The Island Packet and The Beaufort Gazette correct all errors of fact. If you see an error in this article, please call the city desk at 843-706-8139. Corrections and clarifications will appear in this space.
Web sites may link directly to search results and individual articles without permission.
Up to one paragraph of text may be included from an article as long as full attribution is given and the attribution links back to the full article.
To republish more than one paragraph of text, please contact us for permission.
The discovery of 23 venomous snakes on Hilton Head Island and in Bluffton on Thursday and Friday has left some homeowners rattled.
Nearly a dozen Eastern diamondbacks were discovered Friday near a home on the island, including two giants measuring almost seven feet long found under a deck.
The snakes, which were captured and removed by Critter Management, included a rare timber rattlesnake estimated to be about six feet long that was found by crews in a Buckwalter condo complex as it faced off with a cat.
"It's unusual," Mark Carinus of Critter Management said of the hissing haul. "That's the most I have caught, ever, because they are very scarce."
The Eastern diamondback is among the heaviest, largest rattlesnake in the world. Once common in coastal areas from North Carolina to the Florida Keys, its populations have declined due to a combination of habitat loss and interaction with humans.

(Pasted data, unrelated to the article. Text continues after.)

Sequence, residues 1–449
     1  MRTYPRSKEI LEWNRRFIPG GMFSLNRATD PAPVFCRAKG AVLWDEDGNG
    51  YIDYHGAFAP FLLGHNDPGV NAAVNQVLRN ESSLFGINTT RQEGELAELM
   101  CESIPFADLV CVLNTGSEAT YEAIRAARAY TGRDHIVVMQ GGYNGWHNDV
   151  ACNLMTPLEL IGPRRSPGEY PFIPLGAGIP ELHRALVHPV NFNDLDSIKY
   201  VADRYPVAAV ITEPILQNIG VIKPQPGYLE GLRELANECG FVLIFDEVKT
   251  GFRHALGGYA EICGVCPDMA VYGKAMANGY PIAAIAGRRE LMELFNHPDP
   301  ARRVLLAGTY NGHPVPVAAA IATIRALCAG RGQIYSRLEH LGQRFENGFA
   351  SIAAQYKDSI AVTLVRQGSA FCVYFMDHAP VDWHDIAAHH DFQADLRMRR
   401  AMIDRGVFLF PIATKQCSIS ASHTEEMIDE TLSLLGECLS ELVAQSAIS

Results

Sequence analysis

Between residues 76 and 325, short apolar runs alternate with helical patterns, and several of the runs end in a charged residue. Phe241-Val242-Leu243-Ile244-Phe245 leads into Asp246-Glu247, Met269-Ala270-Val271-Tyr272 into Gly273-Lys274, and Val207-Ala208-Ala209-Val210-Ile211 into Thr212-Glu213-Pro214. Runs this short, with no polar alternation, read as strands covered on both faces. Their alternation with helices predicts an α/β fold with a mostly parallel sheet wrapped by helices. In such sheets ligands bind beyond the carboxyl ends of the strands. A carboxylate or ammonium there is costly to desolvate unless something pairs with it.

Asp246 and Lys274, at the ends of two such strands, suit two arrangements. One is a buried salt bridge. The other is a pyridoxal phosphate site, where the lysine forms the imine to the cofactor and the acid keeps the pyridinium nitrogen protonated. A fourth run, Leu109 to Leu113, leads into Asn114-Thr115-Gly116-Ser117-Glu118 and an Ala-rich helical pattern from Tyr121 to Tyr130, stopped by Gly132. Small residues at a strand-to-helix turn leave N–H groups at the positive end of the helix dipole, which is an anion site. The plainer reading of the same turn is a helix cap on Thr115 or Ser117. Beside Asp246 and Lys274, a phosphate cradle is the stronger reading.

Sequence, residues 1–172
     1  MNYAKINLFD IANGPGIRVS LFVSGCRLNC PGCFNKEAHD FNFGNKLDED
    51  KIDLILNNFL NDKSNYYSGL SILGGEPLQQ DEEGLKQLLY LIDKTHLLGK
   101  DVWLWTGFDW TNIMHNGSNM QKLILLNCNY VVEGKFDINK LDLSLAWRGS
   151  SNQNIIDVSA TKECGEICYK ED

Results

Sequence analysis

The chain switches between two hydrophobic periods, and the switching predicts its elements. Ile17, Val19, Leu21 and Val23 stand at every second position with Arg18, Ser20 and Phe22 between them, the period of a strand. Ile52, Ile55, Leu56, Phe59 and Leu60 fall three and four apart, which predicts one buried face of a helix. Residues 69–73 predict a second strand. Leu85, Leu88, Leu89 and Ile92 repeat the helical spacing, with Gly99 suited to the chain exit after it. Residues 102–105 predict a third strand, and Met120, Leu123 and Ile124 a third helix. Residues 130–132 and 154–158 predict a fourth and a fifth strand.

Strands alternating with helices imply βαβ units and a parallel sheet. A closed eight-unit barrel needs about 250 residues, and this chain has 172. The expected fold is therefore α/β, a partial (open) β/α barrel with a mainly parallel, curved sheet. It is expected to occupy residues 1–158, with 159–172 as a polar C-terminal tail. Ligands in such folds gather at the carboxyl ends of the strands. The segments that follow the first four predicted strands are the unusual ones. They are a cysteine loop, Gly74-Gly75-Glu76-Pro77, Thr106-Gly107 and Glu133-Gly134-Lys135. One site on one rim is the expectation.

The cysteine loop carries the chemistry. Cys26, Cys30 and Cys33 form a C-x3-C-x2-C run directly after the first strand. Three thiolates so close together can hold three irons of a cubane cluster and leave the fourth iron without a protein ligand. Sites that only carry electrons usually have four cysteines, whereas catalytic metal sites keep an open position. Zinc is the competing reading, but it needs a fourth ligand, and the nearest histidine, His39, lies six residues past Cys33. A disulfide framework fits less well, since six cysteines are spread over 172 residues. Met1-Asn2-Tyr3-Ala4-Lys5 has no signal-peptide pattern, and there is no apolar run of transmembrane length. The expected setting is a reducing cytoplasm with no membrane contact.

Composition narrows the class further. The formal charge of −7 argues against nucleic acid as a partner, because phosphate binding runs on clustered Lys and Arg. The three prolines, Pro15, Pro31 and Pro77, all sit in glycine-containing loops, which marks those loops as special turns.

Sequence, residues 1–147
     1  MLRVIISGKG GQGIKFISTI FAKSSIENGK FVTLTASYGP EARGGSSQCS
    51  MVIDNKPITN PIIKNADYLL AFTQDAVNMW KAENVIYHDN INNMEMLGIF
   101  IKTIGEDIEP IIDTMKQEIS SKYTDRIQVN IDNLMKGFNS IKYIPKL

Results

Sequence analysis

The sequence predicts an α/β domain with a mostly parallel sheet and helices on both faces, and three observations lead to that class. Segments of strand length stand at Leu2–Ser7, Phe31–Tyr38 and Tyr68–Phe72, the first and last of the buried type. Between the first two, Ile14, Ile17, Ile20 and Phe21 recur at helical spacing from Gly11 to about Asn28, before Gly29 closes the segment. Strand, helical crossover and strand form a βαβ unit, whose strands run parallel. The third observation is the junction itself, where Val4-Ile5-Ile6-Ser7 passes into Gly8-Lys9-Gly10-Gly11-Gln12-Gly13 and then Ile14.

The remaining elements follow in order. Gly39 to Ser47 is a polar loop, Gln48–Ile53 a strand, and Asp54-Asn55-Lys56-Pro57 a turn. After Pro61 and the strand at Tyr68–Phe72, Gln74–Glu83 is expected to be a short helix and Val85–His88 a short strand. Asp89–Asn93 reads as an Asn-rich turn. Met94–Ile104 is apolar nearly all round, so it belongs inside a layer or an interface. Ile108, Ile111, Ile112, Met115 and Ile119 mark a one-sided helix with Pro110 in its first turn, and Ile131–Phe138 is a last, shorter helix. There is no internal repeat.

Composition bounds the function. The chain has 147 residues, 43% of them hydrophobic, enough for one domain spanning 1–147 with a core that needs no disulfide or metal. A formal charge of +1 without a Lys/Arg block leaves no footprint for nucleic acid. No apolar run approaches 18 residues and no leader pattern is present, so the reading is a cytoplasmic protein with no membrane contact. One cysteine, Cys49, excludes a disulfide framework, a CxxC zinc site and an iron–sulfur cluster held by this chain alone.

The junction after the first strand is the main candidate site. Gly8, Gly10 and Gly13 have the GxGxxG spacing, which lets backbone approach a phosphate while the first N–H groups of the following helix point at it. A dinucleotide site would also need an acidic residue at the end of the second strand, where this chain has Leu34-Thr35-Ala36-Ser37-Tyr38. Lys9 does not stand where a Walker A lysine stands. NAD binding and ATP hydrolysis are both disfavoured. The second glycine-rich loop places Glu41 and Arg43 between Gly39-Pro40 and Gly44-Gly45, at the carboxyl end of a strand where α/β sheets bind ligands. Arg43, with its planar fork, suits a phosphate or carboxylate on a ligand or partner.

"Now, I would say it is one of the most uncommon snakes we have," Scott Pfaff, curator of herpetology at Columbia's Riverbanks Zoo and Garden, said in a recent interview.
"Places they like are the places people want to live now, like the coast of South Carolina's ... longleaf pine habitat," he said.
The U.S. Fish and Wildlife Service is reviewing whether the snake should be granted endangered-species status.
While the rattler's venom is extremely toxic, Kimberly Andrews, a University of Georgia wildlife researcher, said people are more likely to be struck by lightning than be bitten by the serpent. Further, she said people are more likely to be struck twice than die from a snakebite.
"We see rattlesnakes readily cohabitate with humans with no problems," said Andrews, who studies the snakes in cooperation with the Palmetto Bluff Conservancy in Bluffton. "The actual negative encounters are incredibly rare, and while people need to look for rattlesnakes ... there is no reason to live in concern about getting bitten."
Critter Management's Joe Maffo and Carinus were tipped off to the snakes by property owners or residents who saw them slithering around. They would not say where on Hilton Head and in the Buckwalter area the reptiles were found.
Two of the largest Eastern diamondbacks caught Friday were likely about 20 years old, Carinus said. The others, which were about a foot long, were likely only a few months old.
"The little ones were scattered all over the place under the deck," he said. "The larger snakes were found all the way to the back."
Carinus had to remove deck boards to reach them.
Maffo received permission Friday to relocate the snakes to a rural property between Ridgeland and Hardeeville.
Maffo, who would not disclose the name of the snake's new landlord, said the man owns about 1,000 acres and "really wants to conserve snakes."